Even on a night battered by ferocious winds and typical west coast smir – the kind that surreptitiously soaks you to the skin – thousands turned out with folding chairs, dancing shoes and bonhomie to enjoy the middle-brow miscellany that is the annual Proms in the Park concert on Glasgow Green.
BBC SSO: Proms in the Park, Glasgow Green ****
At its heart, the BBC SSO under Stephen Bell rolled out quickfire lollipops, from Shostakovich’s heraldic Festival Overture to Tchaikovsky’s Swan Lake, via Sousa’s Liberty Bell, Debussy’s Fêtes and much more.
Guests included the red-hot Celtic verve of current BBC Radio Scotland traditional musician of the year Benedict Morris and friends, Aberdonian soprano Eleanor Dennis in effusive Puccini and lighter Mozart, the scorching precision of violinist Stephanie Childress in Piazzolla’s gorgeous Oblivion and Vivaldi’s steely Winter (outer movements) from the Four Seasons and the fresh-blended voices of the Glasgow Youth Choir, supreme in a buzzing arrangement of the Skye Boat Song.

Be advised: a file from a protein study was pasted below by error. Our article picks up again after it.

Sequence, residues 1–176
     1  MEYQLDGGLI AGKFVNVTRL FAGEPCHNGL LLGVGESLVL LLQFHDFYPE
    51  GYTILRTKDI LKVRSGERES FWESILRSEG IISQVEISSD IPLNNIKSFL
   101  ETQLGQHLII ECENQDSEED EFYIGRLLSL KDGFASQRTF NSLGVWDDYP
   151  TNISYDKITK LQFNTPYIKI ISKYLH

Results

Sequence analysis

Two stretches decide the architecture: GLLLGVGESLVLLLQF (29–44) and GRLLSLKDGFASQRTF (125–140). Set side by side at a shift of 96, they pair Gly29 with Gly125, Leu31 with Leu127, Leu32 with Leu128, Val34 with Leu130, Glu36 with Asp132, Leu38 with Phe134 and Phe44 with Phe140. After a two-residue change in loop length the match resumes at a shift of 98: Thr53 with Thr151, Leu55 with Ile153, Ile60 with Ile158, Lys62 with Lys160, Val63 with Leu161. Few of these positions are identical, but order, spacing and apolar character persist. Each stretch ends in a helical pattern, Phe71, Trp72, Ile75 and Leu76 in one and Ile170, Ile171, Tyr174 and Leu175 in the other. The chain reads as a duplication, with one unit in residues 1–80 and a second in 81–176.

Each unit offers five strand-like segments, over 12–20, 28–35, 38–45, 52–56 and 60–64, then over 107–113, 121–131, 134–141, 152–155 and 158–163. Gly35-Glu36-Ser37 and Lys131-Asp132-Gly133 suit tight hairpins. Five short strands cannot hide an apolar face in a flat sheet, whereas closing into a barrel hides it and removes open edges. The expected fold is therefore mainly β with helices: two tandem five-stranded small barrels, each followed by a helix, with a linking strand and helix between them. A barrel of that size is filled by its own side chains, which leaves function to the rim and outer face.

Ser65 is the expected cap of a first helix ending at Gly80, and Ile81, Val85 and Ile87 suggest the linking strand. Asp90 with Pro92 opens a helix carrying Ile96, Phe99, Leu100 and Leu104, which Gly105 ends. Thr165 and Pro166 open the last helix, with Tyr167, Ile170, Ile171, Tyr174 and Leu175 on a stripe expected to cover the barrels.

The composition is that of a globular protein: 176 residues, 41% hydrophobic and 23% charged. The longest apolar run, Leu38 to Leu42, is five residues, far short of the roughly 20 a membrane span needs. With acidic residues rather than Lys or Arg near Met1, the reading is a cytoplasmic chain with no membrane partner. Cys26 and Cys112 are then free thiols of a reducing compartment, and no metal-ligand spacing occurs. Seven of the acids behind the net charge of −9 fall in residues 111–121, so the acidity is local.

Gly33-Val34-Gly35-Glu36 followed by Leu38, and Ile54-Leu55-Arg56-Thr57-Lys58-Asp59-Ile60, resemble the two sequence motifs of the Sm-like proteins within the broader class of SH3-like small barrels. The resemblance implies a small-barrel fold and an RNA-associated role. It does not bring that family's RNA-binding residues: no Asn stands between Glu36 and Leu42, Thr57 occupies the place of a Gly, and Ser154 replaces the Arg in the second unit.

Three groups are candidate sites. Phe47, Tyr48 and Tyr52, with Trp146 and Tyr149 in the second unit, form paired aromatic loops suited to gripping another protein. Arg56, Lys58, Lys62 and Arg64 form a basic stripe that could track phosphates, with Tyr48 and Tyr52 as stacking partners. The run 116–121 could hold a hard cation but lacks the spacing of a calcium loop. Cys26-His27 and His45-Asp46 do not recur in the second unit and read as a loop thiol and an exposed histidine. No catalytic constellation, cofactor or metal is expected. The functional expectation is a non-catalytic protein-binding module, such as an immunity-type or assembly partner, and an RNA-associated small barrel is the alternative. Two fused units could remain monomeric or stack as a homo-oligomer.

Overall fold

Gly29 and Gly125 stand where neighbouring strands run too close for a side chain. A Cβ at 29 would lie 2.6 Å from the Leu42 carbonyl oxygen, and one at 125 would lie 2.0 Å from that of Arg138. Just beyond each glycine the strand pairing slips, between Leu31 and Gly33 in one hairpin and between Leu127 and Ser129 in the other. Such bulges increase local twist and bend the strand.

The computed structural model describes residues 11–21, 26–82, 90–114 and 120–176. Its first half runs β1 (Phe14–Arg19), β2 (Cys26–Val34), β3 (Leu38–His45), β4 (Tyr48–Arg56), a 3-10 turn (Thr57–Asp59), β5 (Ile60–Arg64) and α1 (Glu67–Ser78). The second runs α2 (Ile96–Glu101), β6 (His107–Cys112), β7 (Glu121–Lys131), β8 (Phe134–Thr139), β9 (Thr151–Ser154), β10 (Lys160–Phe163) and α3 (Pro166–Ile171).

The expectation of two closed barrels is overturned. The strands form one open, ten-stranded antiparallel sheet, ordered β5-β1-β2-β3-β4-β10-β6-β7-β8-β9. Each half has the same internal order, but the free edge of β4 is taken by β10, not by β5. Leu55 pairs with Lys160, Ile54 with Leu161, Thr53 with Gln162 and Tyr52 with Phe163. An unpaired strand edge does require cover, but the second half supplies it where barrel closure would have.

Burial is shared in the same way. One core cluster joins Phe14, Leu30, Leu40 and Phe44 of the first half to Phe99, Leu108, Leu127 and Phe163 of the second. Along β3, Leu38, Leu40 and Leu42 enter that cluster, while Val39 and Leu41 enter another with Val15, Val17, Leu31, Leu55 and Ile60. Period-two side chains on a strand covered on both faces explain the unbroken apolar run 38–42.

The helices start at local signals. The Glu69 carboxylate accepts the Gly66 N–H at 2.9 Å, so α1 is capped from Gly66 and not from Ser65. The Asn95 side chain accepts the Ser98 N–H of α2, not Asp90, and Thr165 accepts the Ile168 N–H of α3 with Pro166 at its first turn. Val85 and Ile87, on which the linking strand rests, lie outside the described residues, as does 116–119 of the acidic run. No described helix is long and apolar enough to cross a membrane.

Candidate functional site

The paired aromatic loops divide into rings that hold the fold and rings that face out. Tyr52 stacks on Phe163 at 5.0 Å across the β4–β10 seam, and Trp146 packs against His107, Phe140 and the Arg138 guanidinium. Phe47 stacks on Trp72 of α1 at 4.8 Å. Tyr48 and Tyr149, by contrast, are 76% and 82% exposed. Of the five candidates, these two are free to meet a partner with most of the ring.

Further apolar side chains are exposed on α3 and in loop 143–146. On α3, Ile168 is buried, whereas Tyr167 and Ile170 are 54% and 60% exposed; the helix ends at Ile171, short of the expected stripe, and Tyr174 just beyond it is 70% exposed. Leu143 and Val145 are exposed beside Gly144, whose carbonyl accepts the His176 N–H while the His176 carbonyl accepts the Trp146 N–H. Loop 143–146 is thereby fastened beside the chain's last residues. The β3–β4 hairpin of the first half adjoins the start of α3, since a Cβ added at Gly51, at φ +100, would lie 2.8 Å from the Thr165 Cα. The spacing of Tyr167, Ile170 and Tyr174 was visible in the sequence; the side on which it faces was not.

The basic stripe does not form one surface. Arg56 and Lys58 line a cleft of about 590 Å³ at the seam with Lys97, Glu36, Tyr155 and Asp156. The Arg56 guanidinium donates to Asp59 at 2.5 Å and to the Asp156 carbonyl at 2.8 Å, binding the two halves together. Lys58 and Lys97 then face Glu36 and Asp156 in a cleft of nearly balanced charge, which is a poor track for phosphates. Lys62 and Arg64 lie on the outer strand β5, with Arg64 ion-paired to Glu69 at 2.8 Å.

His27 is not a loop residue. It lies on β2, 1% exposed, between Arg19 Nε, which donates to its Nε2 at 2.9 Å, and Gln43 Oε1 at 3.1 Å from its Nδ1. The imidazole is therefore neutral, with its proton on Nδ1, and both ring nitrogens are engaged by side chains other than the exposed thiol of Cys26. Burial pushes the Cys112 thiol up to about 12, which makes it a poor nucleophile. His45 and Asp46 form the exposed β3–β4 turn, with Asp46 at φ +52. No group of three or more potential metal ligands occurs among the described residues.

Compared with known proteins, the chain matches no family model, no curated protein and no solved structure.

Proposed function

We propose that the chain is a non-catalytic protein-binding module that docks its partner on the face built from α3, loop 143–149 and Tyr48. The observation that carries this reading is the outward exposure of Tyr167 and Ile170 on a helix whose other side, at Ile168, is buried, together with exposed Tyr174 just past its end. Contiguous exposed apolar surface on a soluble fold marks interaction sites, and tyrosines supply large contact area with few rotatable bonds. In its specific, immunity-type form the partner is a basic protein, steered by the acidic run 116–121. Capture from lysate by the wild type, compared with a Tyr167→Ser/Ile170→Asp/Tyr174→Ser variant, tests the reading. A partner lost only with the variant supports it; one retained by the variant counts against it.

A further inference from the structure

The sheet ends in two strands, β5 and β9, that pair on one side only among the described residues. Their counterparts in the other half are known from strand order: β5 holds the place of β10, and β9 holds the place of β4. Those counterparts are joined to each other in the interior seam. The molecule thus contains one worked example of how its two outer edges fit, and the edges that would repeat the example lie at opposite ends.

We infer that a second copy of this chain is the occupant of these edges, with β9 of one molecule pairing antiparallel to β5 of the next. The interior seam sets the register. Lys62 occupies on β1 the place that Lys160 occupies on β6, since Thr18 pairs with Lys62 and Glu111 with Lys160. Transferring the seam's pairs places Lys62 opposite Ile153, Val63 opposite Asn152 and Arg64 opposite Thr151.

There was Barbara Dickson, too, who still garners affection from Scots audiences, but in truth sang the Eriskay Love Lilt like an old auntie doing her New Year party piece. Caravans, the song we really remember her for, had more of the old magic.
Compère Jamie MacDougall moved things super-smoothly, lending his gentle tenor to heart-stirrers such as Highland Cathedral and Loch Lomond and a sentimental Born Free. It’s a strange event, though, that almost disintegrates as the tie-in with London’s Albert Hall approaches. Good for TV but not so relevant for the live audience. Ken Walton